I’m still surprised that not only did I start this novel, but I could scarcely put it down until I’d finished it. With its unreliable narrators, epistolary format and absence of sympathetic characters, it seemed to be precisely the kind of too-clever-by-half literary novel that I can’t abide.
Ralph Trilipush is a British archaeologist obsessed with a little-known pharaoh whose erotic writings he has translated. He’s excavating in Egypt at the same time as Howard Carter, of whom he’s madly jealous. Trilipush’s background and credentials are obscure, his financial backing unreliable and possibly unsavoury. There are murders, conspiracy and shady dealings, sometimes comically inept; nothing and no one are what they appear to be. Suspicions are aroused and someone sends a private detective to put a tail on Trilipush, who has by now discovered the location of his shadowy pharaoh’s tomb near to (but just out of sight of) where Carter is about to unearth the treasure of Tutankhamun.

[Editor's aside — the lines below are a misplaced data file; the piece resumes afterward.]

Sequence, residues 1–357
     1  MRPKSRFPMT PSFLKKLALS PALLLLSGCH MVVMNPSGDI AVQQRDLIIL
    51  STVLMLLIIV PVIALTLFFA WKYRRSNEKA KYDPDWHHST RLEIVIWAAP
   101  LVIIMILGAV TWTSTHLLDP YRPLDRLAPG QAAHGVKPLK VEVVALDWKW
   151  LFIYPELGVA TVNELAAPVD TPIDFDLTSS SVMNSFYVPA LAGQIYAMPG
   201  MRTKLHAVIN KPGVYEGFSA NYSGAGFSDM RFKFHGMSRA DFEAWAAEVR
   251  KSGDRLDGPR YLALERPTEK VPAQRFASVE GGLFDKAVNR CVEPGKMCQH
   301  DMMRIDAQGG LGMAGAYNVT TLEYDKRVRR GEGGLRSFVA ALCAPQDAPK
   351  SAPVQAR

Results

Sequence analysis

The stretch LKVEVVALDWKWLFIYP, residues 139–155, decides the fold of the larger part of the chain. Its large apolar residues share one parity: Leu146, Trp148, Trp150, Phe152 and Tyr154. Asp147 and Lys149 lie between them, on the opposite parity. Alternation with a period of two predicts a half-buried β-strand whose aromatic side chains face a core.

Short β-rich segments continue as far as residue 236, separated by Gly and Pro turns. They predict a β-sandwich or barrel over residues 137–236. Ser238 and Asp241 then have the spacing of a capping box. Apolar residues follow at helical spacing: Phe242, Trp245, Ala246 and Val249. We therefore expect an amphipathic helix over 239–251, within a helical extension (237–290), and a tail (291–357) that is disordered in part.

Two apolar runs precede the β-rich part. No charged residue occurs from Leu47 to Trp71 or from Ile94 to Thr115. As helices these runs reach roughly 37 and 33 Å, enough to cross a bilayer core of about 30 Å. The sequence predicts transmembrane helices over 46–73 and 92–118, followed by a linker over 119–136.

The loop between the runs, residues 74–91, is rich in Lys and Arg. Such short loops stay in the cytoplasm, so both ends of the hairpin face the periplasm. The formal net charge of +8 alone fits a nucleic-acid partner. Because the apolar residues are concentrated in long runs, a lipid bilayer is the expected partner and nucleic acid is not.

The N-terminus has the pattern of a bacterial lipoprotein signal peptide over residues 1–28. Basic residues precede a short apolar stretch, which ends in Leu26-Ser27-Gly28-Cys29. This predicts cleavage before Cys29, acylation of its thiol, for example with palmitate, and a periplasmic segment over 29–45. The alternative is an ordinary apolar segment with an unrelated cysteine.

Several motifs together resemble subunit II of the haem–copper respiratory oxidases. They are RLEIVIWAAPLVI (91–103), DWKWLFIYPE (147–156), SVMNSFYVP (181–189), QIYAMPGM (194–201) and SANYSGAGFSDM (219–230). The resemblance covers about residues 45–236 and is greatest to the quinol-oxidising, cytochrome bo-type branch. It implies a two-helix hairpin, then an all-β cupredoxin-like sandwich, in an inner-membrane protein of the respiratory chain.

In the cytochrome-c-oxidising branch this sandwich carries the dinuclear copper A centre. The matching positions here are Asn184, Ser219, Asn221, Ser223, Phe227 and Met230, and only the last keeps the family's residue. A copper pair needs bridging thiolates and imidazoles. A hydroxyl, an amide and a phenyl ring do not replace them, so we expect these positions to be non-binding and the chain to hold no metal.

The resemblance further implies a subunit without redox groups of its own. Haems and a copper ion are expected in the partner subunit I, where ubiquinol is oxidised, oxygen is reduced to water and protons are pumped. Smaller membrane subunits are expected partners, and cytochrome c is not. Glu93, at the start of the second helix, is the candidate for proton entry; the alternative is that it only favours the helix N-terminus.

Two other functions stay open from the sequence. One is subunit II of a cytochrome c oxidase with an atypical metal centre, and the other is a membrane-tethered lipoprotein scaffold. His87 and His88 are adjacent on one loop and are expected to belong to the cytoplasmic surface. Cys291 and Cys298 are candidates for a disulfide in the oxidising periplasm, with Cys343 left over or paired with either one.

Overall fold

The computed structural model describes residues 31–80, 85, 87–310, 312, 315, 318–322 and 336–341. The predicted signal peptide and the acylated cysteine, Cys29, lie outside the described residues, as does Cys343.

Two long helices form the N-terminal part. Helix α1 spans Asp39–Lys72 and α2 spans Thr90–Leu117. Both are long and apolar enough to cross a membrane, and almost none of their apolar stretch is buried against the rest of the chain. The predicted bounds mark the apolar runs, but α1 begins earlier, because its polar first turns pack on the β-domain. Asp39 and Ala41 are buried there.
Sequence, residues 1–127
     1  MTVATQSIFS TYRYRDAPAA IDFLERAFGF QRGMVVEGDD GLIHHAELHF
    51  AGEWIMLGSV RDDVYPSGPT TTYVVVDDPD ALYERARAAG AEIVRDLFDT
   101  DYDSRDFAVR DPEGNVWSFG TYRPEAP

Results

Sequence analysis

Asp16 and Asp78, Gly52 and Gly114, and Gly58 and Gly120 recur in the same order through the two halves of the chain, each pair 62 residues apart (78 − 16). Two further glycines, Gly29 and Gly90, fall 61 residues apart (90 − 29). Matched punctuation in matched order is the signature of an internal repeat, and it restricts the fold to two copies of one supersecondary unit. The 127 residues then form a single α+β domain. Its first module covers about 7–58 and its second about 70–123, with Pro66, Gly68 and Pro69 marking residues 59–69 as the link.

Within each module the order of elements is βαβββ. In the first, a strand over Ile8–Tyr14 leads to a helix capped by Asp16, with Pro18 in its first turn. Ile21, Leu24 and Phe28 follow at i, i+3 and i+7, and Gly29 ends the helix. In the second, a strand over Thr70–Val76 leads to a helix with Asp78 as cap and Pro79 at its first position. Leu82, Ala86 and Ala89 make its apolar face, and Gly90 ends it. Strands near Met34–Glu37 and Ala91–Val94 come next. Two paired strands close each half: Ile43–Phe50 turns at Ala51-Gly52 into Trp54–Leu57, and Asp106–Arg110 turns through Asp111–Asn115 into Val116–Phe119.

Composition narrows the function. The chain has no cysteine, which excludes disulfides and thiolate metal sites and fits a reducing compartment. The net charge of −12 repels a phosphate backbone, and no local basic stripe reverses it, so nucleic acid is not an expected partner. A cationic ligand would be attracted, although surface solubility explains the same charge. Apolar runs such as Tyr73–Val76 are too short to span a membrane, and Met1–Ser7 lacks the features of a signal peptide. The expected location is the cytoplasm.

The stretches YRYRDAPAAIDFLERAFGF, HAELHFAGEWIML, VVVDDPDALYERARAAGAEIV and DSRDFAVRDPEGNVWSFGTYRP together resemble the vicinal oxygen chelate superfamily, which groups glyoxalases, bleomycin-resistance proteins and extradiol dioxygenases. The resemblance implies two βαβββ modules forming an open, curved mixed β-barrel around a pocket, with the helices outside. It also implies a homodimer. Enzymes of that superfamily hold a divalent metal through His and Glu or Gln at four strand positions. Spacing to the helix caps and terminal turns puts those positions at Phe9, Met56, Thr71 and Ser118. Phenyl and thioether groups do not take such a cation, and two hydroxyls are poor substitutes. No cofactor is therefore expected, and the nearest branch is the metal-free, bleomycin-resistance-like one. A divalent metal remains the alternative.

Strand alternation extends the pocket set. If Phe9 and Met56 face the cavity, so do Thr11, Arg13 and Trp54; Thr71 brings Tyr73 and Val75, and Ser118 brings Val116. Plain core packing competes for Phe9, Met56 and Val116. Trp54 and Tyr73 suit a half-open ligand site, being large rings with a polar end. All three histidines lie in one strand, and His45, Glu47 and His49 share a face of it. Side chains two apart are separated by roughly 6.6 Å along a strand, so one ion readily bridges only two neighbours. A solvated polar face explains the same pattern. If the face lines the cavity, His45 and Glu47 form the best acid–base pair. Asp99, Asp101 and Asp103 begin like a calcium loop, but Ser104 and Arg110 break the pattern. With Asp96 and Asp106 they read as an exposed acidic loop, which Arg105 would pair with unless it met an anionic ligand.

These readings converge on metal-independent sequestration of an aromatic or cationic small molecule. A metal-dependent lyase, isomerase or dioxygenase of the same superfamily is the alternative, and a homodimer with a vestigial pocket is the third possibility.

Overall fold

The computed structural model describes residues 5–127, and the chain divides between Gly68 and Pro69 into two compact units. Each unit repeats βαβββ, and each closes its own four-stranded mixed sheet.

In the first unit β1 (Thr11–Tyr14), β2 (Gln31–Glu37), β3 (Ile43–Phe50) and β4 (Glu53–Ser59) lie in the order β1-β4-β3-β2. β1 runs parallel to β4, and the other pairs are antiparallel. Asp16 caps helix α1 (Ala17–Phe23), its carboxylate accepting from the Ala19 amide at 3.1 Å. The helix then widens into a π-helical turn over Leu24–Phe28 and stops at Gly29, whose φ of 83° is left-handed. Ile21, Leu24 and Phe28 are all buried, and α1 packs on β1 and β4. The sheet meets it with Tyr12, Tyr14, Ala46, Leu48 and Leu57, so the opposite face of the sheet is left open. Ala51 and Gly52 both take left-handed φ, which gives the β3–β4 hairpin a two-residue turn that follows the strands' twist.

The story is told entirely in extracts from Trilipush’s journals, contemporary letters and telegrams, interspersed with much later correspondence that the now-aged detective sends to a young relation of the aforesaid fiancee. These elements are so skilfully spliced together and allow the characters to unwittingly reveal so much about themselves that this reader, at any rate, was immediately hooked and unable to let go until the shocking denouement. And not even then, if truth be told.
If had to say what The Egyptologist is about, I’d go for ambition, greed, self-delusion and the quest for immortality at any cost. It’s a black comedy laced with subtle jokes (some of which I suspect I may have missed on a first reading), and like the best comedy, it has tragedy and pathos at its heart.
Murder-mystery fans might be disappointed to guess whodunnit quite early on (it’s the how and why that are truly intriguing and unexpected), and Egyptophiles might regret that the novel doesn’t time-travel, but for me this was a hugely enjoyable and satisfying read.